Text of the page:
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Publication numberUS6399945 B1
Publication typeGrant
Application numberUS 09/363,299
Publication dateJun 4, 2002
Filing dateJul 28, 1999
Priority dateJul 28, 1998
Fee statusPaid
Publication number09363299, 363299, US 6399945 B1, US 6399945B1, US-B1-6399945, US6399945 B1, US6399945B1
InventorsNoriyuki Hirayanagi
Original AssigneeNikon Corporation
Export CitationBiBTeX, EndNote, RefMan
External Links: USPTO, USPTO Assignment, Espacenet
Backscattered-electron detection systems and associated methods
US 6399945 B1
Abstract
Backscattered electron (BSE) detection systems are disclosed that produce a detection-signal waveform exhibiting large signal-level changes with corresponding changes in the locus, on a sample, irradiated by a scanning electron beam. Hence, the position of a pattern feature on a sample is detectable with improved accuracy. An electron beam irradiates a sample comprising a relatively low-mass substrate and a relatively high-mass pattern feature thereon. Backscattered electrons from the substrate and from the pattern element are detected using a first BSE detector having a first energy-sensitivity band, and a second BSE detector having a second energy-sensitivity band that is different from the first energy-sensitivity band. The signal from the first BSE detector is combined with the signal from the second BSE detector to produce a detection-signal waveform exhibiting large changes in signal amplitude with changes in the locus actually irradiated by the electron.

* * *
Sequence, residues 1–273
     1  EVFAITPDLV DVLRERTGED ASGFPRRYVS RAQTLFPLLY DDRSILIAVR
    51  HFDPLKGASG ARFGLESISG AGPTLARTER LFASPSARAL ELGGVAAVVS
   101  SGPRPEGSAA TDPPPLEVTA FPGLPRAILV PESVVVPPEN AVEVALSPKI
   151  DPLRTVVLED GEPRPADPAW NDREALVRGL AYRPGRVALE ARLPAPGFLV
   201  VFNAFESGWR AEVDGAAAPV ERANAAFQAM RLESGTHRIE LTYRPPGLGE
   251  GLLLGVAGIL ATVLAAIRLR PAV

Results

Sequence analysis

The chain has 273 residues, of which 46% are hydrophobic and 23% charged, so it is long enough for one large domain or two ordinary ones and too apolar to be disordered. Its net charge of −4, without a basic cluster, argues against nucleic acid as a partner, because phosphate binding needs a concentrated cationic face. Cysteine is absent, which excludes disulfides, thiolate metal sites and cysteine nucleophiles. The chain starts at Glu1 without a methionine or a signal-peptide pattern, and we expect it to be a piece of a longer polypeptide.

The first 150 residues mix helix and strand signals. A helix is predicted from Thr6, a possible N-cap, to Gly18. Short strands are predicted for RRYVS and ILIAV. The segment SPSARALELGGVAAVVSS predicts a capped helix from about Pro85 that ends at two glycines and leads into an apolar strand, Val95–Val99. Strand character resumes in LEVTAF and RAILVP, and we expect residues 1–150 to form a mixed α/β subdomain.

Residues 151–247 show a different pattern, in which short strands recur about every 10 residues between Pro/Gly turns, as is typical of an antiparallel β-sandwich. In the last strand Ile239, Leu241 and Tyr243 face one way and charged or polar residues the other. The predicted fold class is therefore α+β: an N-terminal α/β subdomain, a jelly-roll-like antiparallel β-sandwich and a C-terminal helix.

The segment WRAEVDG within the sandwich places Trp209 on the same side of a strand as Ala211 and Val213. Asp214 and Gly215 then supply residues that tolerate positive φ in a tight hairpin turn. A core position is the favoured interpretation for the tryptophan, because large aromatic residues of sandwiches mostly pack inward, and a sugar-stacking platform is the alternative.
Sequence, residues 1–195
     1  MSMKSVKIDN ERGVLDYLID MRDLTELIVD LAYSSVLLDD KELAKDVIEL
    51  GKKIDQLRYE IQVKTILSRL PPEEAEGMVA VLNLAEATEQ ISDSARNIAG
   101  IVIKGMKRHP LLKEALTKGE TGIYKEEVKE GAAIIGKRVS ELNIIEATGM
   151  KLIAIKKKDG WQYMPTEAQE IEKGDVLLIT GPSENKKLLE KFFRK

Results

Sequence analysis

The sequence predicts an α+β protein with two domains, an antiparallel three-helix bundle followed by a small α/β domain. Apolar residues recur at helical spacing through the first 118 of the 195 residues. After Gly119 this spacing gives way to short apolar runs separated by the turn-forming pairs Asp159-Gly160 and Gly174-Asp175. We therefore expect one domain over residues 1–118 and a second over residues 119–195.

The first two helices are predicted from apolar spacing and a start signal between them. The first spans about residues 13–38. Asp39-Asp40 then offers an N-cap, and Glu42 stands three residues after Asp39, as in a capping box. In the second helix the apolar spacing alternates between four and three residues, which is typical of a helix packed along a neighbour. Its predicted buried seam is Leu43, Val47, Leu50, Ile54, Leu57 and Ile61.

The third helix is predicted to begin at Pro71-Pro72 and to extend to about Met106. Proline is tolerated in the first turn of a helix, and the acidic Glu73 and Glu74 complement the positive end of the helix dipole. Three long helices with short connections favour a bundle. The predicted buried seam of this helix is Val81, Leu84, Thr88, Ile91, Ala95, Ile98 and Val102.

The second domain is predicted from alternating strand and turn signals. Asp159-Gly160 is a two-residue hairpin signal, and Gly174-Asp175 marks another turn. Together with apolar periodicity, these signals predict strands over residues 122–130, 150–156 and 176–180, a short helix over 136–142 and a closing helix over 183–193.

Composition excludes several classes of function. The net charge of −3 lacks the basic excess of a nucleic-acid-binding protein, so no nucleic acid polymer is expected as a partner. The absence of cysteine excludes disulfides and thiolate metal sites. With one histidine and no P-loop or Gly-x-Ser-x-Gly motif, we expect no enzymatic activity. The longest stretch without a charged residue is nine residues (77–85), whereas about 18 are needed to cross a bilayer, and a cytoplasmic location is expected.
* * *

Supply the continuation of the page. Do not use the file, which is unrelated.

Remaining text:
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Claims(21)
What is claimed is: